Overweight vs. Obese: What’s The Difference?

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A stethoscope on top of a scale

According to the CDC, in 2011, African Americans were 1.5 times as likely to be obese as Non- Hispanic Whites. In particular, African American women have the highest rates of being overweight or obese compared to other groups in the U.S. – about four out of five African American women are overweight or obese.

What’s the difference between being overweight and being obese?

Being overweight or obesity are both labels for ranges of weight that are greater than what is generally considered healthy for a particular height. The terms are also an attempt to identify the likelihood of certain diseases and other health problems.

Overweight. Doctors usually define “overweight” as a condition in which a person’s weight is 10%-20% higher than “normal,” as defined by a standard height/weight chart, or as a body mass index (BMI) of 25 to 30.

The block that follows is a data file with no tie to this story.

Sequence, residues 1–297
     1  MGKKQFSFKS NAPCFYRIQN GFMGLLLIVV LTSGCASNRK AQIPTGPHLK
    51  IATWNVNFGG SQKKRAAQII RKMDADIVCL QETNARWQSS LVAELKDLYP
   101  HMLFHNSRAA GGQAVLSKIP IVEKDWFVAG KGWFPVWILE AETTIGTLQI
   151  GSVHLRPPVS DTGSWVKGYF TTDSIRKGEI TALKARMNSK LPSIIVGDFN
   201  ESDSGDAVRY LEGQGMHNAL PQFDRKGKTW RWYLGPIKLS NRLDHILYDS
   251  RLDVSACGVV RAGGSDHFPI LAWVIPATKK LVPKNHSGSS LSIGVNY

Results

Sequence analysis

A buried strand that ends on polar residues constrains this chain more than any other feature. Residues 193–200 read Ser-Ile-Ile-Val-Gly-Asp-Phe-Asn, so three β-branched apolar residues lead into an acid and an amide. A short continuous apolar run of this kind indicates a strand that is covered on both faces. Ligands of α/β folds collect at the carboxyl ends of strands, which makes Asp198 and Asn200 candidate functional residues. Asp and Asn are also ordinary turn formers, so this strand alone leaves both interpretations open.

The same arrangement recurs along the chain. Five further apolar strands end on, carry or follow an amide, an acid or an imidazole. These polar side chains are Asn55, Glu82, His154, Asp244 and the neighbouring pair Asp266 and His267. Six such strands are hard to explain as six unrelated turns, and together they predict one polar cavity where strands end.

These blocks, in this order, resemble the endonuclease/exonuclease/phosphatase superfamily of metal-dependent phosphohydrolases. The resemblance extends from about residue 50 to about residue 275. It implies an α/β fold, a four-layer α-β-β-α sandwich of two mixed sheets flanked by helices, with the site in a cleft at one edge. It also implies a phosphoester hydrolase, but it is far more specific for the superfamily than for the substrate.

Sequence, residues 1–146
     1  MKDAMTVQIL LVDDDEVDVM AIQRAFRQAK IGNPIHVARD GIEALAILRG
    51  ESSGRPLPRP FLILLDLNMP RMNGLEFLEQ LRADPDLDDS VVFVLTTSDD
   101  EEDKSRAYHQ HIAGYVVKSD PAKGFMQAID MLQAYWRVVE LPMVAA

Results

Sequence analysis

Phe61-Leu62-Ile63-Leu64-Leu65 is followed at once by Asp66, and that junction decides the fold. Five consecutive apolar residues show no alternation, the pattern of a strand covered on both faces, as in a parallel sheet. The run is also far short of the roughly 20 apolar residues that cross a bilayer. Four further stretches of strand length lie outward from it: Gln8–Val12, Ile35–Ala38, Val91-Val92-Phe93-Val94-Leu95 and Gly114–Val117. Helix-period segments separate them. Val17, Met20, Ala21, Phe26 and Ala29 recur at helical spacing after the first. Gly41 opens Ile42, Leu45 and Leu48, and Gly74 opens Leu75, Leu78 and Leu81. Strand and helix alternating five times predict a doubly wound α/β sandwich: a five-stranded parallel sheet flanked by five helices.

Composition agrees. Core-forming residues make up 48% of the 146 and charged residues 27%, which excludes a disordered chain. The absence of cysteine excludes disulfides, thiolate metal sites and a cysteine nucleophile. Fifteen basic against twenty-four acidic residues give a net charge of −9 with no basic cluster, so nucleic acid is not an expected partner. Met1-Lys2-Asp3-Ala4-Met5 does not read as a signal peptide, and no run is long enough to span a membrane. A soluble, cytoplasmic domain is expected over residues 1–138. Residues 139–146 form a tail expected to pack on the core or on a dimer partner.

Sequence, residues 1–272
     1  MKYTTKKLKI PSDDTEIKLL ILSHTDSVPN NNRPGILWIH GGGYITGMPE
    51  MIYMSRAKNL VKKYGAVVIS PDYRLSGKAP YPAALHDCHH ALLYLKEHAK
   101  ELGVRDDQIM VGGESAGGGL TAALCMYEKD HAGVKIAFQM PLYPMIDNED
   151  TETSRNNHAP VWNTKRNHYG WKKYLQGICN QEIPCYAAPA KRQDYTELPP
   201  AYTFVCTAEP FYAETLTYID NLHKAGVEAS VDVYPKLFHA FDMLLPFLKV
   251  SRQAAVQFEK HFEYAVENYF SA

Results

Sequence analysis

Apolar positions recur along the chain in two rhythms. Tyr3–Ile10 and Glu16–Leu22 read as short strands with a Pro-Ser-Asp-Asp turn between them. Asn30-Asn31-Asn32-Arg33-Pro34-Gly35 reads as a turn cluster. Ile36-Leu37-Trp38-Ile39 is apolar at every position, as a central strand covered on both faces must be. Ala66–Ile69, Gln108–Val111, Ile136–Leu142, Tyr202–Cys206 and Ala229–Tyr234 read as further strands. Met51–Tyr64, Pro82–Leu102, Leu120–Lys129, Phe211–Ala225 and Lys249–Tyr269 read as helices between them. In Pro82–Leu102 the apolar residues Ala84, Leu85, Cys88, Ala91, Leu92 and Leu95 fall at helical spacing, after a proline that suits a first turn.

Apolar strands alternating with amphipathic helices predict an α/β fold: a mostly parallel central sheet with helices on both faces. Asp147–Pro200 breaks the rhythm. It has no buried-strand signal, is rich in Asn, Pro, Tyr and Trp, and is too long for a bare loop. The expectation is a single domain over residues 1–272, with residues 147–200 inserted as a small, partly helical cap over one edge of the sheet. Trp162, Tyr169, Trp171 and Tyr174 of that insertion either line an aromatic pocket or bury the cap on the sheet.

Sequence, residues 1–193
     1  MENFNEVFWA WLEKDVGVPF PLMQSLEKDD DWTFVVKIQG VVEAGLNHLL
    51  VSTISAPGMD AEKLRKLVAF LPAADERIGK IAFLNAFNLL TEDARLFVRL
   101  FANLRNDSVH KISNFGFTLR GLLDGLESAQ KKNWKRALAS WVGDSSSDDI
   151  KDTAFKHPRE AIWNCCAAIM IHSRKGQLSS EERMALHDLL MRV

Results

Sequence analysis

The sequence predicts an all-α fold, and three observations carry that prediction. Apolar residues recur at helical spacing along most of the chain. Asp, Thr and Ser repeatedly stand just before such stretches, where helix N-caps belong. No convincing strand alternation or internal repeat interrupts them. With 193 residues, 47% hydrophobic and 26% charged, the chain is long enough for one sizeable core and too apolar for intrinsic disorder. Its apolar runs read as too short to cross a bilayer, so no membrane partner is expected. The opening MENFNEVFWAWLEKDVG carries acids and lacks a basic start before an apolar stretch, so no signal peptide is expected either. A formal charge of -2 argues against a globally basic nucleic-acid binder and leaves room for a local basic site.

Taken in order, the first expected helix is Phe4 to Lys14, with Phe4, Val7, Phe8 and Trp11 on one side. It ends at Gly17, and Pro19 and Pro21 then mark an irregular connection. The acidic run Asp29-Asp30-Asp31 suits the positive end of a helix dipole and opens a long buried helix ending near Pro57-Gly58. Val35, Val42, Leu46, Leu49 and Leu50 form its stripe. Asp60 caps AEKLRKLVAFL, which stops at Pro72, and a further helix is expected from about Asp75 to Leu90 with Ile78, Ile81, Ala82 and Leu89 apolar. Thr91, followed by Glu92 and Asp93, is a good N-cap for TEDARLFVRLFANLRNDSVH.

Obese. Obesity usually means a person’s weight is 20% or more above normal weight or as a BMI of 30 or more.

Morbid Obesity. This means a person is either 50%-100% over normal weight, more than 100 pounds over normal weight, or sufficiently overweight to severely interfere with health.

How can I determine my BMI?

It is important to remember that although BMI correlates with the amount of body fat, BMI does not directly measure body fat, or account for a person being more muscular. As a result, some people, such as athletes, may have a BMI that suggests they’re overweight, even though they do not have excess body fat.

Other methods of estimating body fat and body fat distribution include measurements of skinfold thickness and waist circumference, calculation of waist-to-hip circumference ratios, and techniques such as ultrasound, computed tomography, and magnetic resonance imaging (MRI). For more information about this, talk to your doctor or a gym trainer.

Click here to determine your BMI.

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